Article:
Who are you, Jerubbaal? He is mentioned in a 3,100-year-old inscription found near Kiriath Ghat. Excavations by the Hebrew University of Jerusalem, the Israel Antiquities Authority, and the Macquarie University in Sydney. * According to archaeologists, “Judge Gideon Ben-Yosh’s biblical nickname was Jerusalem, but it is not known whether the inscription in ink belongs to him.”
First: An inscription from the time of the judges was found during an archeological excavation at Horbat al-Rai near Kyrgyzstan. The rare inscription bears the name “Jerubel” in the alphabet, and was written in ink on pottery around 1,100 BC, found inside a storage silo dug into the ground and lined with stones.
Mining at the site, located in the Jewish National Fund’s Sacharia Forest, has been carried out every year since 2015, and is now in its seventh excavation season. Prof. Joseph Garfingal, Sir Gonor, Drs. Kyle Khmer, Ph.D. Gil Davis. The study was supported by Joy Silver and Aaron Levy of the Institute of Archeology at the University of Hebrew, the Ruth Family Foundation Foundation in Sydney, and the Roger and Susan Hartog Center for Archeology.
The inscription is written in ink on a jug – a small individual vessel made of earthenware, about 1 liter in volume, which may contain a valuable product such as oil, perfume or medicine. It sounds like – like today, the owners of the device wrote his name on the device so they knew it belonged to him.
Christopher Rolston, professor of epigraphy at George Washington University in Washington, D.C., understood the text. The inscription clearly shows iodine (broken at the top), the remains of the rhubarb, house, eye, study, and other letters, indicating that the inscription is too long.
Prof. According to Garfingel Wagner, “In the biblical tradition of the book of Judges, Jerubel is the second name of Judge Gideon Ben Yosh, who came from all over Jordan and plundered the crops of the farmers.”
Between Shephelah and the Valley of Jezreel, it is possible that the inscription refers to another Jerubel, not Gideon of biblical tradition, but the possibility that this ship belonged to Judge Gideon. However, the name Jerubel seems to reflect a reality from the time of the judges, in which the name was adopted. “
Inscriptions from the time of the Judges are very rare and have not been heard of in the archeology of the land of Israel. Among the few inscriptions found earlier were several letters that could not be linked. This is the first time the name Jerubel has been found outside the Bible as an archeological find – on an archeological level, in 1100 BC.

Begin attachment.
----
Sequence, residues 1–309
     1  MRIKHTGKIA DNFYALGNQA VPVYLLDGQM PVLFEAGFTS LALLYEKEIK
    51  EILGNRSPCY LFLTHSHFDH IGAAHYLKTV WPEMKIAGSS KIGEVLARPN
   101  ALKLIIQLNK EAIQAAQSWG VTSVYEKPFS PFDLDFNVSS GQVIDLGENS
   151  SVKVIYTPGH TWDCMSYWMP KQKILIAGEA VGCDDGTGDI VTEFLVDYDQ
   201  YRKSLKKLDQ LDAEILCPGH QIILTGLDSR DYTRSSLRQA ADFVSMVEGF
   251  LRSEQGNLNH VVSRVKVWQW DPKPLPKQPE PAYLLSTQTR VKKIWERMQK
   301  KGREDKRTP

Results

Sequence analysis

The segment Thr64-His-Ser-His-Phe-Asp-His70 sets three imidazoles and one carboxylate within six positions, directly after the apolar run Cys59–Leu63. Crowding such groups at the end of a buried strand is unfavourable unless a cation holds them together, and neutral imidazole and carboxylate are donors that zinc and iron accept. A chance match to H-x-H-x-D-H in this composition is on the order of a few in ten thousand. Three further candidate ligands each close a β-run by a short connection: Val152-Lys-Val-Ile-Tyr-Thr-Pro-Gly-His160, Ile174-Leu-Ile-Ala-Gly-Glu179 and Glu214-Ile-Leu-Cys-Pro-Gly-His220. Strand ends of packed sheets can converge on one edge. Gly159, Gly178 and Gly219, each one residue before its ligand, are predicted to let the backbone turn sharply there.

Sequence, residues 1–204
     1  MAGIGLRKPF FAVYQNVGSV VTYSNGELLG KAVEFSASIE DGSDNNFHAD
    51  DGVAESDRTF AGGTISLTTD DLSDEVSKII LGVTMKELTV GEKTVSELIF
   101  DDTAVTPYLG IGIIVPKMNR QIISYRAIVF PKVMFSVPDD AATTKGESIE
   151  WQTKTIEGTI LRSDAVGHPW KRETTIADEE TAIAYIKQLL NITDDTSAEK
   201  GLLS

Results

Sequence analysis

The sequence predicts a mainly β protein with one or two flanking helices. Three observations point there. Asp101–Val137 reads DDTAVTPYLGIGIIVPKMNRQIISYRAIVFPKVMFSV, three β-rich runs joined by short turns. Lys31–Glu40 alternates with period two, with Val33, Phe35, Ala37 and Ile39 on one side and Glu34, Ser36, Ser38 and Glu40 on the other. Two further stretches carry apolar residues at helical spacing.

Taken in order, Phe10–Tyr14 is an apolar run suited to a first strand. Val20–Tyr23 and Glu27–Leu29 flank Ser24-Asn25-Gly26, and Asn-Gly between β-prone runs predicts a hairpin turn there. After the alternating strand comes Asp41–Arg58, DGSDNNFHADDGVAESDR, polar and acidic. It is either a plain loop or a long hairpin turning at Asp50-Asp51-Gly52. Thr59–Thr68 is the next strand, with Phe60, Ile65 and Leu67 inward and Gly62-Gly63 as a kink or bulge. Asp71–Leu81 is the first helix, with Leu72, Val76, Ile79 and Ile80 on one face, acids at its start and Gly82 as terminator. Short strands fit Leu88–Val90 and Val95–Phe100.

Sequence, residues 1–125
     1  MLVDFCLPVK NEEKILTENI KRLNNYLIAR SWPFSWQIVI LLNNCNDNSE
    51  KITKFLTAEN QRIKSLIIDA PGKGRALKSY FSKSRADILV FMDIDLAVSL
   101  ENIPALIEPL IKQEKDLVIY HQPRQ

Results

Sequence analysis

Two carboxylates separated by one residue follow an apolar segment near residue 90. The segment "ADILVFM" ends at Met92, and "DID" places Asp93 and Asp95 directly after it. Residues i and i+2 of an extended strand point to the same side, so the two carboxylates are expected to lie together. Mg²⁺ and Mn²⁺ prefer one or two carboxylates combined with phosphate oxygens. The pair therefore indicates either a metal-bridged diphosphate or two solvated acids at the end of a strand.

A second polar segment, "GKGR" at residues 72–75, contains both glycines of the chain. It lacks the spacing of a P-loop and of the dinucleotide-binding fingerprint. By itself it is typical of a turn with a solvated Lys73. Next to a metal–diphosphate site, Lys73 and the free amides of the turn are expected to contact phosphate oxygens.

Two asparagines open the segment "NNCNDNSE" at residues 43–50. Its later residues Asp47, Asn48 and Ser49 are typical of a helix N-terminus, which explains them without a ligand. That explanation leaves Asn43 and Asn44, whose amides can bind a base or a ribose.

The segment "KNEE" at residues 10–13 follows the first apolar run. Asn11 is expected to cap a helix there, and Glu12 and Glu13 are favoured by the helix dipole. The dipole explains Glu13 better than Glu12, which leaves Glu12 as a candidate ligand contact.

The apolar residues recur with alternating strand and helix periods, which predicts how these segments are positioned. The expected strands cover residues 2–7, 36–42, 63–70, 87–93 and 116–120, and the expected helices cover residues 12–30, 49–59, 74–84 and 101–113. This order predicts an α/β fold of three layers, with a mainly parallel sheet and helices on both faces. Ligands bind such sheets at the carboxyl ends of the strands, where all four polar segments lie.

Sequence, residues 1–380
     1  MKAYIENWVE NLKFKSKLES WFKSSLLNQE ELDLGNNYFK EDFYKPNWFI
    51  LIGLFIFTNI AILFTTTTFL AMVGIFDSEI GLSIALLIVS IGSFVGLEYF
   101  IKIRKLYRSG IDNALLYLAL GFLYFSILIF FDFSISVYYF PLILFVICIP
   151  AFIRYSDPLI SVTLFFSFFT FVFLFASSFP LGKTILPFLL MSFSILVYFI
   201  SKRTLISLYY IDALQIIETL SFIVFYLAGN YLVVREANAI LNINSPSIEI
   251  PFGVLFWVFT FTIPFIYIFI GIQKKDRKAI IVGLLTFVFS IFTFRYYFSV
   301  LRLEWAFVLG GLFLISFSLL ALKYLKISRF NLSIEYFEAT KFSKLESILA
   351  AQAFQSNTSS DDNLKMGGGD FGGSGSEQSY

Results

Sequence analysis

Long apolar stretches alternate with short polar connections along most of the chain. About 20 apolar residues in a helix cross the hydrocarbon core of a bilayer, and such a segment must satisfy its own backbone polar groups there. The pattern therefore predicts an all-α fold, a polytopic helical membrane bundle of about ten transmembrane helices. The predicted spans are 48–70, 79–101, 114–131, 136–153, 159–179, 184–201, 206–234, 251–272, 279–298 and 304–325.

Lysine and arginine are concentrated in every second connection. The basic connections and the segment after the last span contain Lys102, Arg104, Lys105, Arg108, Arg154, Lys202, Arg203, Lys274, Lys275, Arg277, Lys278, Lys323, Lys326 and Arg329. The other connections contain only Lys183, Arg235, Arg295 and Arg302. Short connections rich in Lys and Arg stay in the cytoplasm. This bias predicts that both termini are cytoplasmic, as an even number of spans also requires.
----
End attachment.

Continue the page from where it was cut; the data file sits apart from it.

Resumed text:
“As everyone knows, there is a great deal of debate as to whether the biblical tradition reflects reality and whether it is faithful to historical recollections from the time of Judges to the time of David,” say the scholars. “The name Jarbuel appears only in the biblical tradition in the time of the Judges, and now it is revealed in archeological finds and in a layer from the time of the Judges. Similarly, the name Ishbal appears only in the biblical tradition in the time of King David.”
The site has been excavated at Horizon Kiafa since the time of King David. The names of people in the Bible and the inscriptions revealed in the archeological excavations indicate the preservation of a memory passed down through the generations.
The inscription of Jerubel also helps to understand the spread of the alphabet In the transition from the Canaanite period to the Israeli period. The alphabet was developed by the Canaanites under Egyptian influence in the Middle Bronze Age in 1,800 BC. The Canaanite city of Lachish was the center for preserving and preserving the writing tradition of the alphabet. By 1,150 the Canonite Lachish had been destroyed. BC, desolate for about 200 years. It is not yet clear where the tradition of writing the alphabet after the destruction of Lachish has been preserved.
Revealed inscription indicates that in Horbat al-Rai, 4 km from Malkish, was the main site of the region during the time of the judges, and the writing tradition was preserved, from which the Canaanite culture of the period of Israel and Judea came into being.
During the monarchy, from the 10th century BC, more inscriptions are known in the lowlands: two inscriptions from the ruined Kiafa, and inscriptions from the sites of Tel Tsafit and Tel Beat Shemesh.
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